Jerome Jarre, whose six-second clips of pranks have amassed him 7.5 million followers on Vine, decided while on a flight from Mexico City to Miami this week that it would be a good idea to emerge from the airplane’s bathroom wearing a yellow Speedo and carrying a large rubber duck. Jarre’s quick change alarmed a flight attendant (shocker), who called the police.

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Samsung said its collaboration with Microsoft on Windows phones raised antitrust problems once Microsoft completed its acquisition of Nokia’s handset business, according to a court filing. The filing stems from Microsoft Corp.’s lawsuit accusing Samsung Electronics Co. Ltd. of breaching a business collaboration agreement.

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A Circuit Court judge has ruled that a criminal defendant can be compelled to give up his fingerprint, but not his pass code, to allow police to open and search his cellphone. The question of whether a phone’s pass code is constitutionally protected surfaced in the case of David Baust, an Emergency Medical Services captain charged in February with trying to strangle his girlfriend.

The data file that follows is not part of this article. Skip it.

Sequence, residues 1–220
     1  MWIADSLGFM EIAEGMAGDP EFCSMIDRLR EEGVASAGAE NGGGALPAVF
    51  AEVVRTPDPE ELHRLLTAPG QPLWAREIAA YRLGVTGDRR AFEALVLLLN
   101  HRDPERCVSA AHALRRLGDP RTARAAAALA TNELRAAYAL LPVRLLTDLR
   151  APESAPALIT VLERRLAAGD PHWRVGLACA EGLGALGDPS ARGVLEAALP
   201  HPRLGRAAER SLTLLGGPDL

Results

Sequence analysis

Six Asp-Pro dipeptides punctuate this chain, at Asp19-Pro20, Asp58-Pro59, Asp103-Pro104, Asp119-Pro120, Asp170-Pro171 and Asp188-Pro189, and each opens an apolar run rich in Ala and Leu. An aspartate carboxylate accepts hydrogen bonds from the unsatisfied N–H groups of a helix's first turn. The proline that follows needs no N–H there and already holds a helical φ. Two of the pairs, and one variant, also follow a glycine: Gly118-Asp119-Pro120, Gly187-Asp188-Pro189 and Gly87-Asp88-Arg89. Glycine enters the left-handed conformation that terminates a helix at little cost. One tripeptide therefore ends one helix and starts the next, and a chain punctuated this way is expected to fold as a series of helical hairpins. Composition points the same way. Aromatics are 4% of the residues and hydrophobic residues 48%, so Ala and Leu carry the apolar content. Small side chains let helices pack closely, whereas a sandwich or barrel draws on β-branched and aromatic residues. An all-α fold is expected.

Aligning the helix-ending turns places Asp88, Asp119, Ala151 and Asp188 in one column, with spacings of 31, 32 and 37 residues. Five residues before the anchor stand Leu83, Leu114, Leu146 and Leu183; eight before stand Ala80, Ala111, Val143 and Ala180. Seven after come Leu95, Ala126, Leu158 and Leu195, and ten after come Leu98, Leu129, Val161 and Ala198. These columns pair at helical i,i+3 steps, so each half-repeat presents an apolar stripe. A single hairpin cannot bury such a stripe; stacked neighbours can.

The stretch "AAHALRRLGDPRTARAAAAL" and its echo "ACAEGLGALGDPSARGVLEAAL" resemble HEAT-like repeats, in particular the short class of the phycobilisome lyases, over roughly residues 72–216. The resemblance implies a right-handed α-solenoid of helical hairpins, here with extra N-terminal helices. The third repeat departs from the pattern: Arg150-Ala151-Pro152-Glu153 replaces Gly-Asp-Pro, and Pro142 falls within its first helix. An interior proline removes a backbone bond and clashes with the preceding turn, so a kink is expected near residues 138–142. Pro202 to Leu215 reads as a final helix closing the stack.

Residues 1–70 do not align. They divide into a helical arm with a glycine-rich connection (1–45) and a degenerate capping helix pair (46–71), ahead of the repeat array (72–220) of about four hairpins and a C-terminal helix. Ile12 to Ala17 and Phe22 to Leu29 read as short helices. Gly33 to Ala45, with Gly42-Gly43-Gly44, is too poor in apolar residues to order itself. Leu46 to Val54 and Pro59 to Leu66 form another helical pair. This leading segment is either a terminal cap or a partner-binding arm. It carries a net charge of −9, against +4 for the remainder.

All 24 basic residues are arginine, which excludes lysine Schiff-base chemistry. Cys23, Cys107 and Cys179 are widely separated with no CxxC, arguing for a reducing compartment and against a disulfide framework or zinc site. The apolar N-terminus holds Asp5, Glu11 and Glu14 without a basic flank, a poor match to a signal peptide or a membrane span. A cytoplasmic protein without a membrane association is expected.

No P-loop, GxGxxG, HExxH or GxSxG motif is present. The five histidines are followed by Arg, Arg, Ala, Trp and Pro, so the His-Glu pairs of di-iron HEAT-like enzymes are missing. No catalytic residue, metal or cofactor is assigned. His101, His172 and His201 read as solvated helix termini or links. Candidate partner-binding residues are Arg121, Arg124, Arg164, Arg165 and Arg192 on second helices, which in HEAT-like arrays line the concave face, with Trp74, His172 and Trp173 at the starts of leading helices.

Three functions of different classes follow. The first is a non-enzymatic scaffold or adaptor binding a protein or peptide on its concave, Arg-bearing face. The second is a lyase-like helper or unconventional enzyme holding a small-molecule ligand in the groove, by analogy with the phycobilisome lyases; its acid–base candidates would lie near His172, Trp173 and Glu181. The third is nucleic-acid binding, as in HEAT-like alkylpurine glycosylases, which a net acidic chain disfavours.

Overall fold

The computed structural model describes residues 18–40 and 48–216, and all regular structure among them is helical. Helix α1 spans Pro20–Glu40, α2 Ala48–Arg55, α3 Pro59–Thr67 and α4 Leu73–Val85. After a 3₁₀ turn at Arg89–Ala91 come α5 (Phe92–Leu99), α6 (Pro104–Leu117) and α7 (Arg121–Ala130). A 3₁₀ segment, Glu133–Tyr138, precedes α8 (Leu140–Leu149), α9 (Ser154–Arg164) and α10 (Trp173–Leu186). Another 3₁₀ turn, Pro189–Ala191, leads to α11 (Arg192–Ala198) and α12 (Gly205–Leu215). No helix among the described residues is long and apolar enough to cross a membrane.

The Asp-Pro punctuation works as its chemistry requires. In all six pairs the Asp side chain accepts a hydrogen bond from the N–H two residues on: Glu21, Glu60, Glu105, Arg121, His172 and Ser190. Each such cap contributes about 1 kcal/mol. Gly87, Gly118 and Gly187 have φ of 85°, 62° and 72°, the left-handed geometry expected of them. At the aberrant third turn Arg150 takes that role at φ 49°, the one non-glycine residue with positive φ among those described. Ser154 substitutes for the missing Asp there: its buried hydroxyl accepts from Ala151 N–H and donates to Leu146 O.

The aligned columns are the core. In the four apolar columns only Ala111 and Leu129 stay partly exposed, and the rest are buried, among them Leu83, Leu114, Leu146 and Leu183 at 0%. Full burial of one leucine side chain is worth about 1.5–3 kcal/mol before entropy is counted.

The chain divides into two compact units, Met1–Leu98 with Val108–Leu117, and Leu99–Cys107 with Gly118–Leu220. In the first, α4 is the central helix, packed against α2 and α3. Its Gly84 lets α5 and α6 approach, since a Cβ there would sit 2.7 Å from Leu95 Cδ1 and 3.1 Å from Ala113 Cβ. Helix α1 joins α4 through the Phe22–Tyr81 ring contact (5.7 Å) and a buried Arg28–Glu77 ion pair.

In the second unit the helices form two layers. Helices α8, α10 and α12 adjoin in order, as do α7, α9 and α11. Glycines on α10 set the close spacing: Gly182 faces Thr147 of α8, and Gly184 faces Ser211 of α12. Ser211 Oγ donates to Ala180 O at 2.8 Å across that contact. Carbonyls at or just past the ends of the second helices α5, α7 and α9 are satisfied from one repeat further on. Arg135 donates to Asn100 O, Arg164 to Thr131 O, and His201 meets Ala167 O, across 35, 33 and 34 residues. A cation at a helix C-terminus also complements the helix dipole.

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The head of the Federal Communications Commission is laying the groundwork for expanding the agency’s authority over broadband service, people familiar with his thinking say, a move long sought by advocates of stricter regulation of Internet-service providers. But the plan by FCC Chairman Tom Wheeler isn’t expected to satisfy all proponents of “net neutrality” — the principle that all Internet traffic should be treated equally — because it would still allow broadband providers to cut deals with content companies for special access to customers.

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The director of China’s Internet regulator has admitted that some foreign websites cannot be visited but denied shutting them down. Lu Wei, who heads the State Internet Information Office, also said his department was planning to strengthen measures to “govern the Internet.”

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